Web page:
February 9, 2011 Posted by | lists, Music, music, concert, rock music | , , , , , , , , , , , , , , , , , , , , , , , , , , , , , , , , , , , , , , , , , , , , , , , , , | Leave a comment

Concert Review: Paul Wallfisch and Abby Travis at the Delancey, NYC 1/22/09

Botanica frontman/keyboardist Paul Wallfisch has taken over booking Thursdays upstairs at the Delancey, effectively creating one of the very few “must-see” nights anywhere in the New York rock scene, especially considering that for the time being it’s free. Simply put, New York hasn’t had a consistent home for intelligent, challenging rock and rock-related music since Tonic closed two and a half years ago. With this new series, playfully titled Small Beast, Wallfisch aims to change that. Typically, he starts the evening solo on piano, perhaps introducing a guest or two and then bringing up the night’s featured artist or artists.

 

In a fascinating if all-too brief forty minutes, Wallfisch ran through a set that illustrated pretty much every style his band plays: an eerie, carnivalesque tune; a fast, scurrying ragtimish number, a noir minor-key blues and the pretty, impressionistic A Matter of Taste, with echoes of the Strawbs’ classic New World on the chorus: “I’m not the tragic figure I once was,” he sang nonchalantly. Then he launched into the gorgeous lament Eleganza and Wines (from Botanica’s most recent US release, Berlin Hi-Fi) and as usual, he used it as a lesson in 7/8 time, getting the crowd to clap and stomp along and for the most part this was successful. Who says American audiences don’t understand anything other than 4/4, anyway? He closed with a Jacques Brel cover and then the fiery, politically charged gypsy rocker How and finally took the solo that everybody’d been waiting for, part high romantic anguish, part sly Tom Waits blues.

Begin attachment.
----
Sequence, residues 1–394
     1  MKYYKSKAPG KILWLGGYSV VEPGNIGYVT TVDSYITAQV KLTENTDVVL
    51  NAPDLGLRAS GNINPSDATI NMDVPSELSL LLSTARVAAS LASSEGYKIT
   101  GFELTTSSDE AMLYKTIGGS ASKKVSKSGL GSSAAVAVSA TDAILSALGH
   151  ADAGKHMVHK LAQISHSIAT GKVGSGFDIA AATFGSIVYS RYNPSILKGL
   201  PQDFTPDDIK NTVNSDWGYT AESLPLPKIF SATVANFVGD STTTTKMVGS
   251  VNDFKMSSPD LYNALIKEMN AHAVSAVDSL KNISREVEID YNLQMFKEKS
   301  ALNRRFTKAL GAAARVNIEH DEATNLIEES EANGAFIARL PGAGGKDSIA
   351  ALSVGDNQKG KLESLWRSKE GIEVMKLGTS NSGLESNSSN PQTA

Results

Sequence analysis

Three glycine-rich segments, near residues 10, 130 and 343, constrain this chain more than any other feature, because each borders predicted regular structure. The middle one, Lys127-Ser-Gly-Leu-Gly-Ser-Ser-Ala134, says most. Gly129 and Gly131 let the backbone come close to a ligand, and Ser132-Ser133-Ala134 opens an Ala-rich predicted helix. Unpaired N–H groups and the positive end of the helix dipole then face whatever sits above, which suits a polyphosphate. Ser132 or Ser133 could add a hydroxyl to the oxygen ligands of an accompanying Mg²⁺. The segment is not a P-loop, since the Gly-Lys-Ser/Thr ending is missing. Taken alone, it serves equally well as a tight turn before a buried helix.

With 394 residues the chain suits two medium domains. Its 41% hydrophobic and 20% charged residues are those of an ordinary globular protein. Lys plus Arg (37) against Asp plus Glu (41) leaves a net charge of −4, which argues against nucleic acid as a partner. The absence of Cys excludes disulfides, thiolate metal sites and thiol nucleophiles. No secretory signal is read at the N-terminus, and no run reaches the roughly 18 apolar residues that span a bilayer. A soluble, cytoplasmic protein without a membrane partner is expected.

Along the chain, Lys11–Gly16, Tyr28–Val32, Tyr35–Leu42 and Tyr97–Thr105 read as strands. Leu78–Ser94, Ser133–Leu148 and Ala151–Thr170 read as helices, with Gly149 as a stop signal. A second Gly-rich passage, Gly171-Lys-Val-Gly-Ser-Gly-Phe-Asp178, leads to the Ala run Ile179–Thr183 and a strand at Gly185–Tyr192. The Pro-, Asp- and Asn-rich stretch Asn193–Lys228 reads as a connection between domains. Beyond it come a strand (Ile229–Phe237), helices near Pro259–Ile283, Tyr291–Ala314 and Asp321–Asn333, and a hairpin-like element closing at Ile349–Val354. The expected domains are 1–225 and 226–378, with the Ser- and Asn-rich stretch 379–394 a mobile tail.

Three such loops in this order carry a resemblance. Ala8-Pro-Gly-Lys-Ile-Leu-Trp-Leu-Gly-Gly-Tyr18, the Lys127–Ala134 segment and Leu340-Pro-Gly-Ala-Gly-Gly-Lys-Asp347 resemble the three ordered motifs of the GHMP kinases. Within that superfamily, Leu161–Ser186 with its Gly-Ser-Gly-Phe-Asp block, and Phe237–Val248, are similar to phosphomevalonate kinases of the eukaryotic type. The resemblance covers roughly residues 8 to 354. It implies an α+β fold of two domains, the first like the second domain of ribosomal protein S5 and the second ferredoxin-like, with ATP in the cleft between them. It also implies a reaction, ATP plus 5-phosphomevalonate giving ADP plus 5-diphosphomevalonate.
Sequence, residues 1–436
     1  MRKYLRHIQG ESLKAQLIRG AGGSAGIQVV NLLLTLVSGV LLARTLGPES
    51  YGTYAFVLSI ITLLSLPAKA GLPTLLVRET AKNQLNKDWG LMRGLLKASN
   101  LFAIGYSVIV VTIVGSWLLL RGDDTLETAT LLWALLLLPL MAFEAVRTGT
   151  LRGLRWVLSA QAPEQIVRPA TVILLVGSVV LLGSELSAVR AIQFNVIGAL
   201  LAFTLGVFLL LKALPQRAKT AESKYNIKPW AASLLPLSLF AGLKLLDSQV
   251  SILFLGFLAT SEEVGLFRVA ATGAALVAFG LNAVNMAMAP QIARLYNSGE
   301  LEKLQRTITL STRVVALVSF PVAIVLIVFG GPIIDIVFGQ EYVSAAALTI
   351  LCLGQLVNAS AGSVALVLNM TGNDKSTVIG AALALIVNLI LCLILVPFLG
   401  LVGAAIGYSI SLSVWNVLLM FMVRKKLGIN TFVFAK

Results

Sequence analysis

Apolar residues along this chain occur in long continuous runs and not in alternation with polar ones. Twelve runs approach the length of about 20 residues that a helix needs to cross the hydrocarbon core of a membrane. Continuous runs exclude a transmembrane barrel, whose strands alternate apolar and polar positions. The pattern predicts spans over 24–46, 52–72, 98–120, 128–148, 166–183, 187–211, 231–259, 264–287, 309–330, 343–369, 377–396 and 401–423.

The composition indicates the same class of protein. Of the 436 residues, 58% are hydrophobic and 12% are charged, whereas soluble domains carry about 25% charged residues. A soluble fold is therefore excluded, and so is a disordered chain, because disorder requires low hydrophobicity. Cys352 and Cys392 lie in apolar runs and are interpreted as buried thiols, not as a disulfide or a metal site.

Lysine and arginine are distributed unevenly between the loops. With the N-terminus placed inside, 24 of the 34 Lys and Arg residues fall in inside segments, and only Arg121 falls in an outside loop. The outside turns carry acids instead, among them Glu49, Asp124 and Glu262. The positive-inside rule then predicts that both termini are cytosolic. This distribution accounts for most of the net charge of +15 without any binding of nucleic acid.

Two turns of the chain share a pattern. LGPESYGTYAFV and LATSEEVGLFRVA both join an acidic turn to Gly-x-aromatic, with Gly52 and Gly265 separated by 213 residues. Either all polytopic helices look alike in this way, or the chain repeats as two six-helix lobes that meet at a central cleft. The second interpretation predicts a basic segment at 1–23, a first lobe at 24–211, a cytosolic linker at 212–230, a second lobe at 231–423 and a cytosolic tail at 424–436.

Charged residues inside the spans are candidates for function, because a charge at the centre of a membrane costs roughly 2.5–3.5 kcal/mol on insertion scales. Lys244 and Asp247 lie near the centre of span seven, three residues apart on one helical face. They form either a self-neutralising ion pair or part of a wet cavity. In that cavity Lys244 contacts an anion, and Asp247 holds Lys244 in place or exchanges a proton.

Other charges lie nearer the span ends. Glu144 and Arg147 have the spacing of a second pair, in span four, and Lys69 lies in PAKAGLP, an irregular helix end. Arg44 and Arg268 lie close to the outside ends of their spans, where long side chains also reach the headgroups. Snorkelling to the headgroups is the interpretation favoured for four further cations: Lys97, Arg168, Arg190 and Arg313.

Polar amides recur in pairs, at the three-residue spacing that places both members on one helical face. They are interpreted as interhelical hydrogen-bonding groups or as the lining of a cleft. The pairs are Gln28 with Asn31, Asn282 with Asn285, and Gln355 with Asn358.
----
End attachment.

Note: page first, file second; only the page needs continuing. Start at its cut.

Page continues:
Torchy balladeer Abby Travis followed with a gorgeously melodic, frequently riveting, mostly solo show. A striking presence on the small stage, she held the crowd rapt through almost an hour’s worth of songs. As well-known a sidewoman (she’s made a living playing bass on tour with innumerable big-name acts) as she is a songwriter, she impressed as much with her writing and her vocals as with her chops. The obvious comparison is Jeff Lynne: like the ELO mastermind, Travis welds an ironclad pop intelligence to a big dramatic sensibility, in her case part classical and part noir cabaret. “I look in the mirror and see myself dead,” she sang on the first of several big anthems, dramatic yet understatedly so: impressive as her range is and as much as she likes to leap around and belt, she doesn’t overdo it and that only adds to her songs’ considerable suspense. The best song of the night was a new number, Lulu, a lush, crescendoing anthem that built to a chorus rich with subdued longing and anguish, a tune that wouldn’t have been out of place on Out of the Blue or A New World Record.

 

After a few more on piano, she switched to bass. The idea of just bass and vocals might sound supremely boring, but Travis gave a clinic in smart, tuneful playing. With a muscular, fluidly melodic style, she demonstrated effortless command of every weapon in a good bassist’s arsenal – chords, slides, hammer-ons and vibrato – without wasting a single note or inflection, on an original and then a stunningly good cover of I Put a Spell on You. The world may be full of great bass players, but this was really something special.

 

Then she brought up Wallfisch to take over the keys on the beautiful, regretful anthem Now Was and then another big, torchy original, Hangover Flower: “Your seeds are lying on my bed, the hangover flower is in bloom,” she sang with nonchalant, breathy sarcasm. Travis then went out the way she came in, solo on piano with yet another big 6/8 ballad possibly titled Our Last Ride. Travis makes much of her material available generously via her podcast; New Yorkers who remember the glory day of Lisa Lost’s noir pop band DollHouse about eight years ago will love Travis’ stuff. Readers in the LA area ought to go check out her upcoming show on Feb 3 at the Cavern Club, 1920 Hyperion Ave in Silverlake.

January 24, 2009 Posted by | Live Events, Music, music, concert, New York City, review, Reviews, small beast | , , , , , , , , , , , , , , , , , , , | 1 Comment

Top Ten Songs of the Week 1/19/09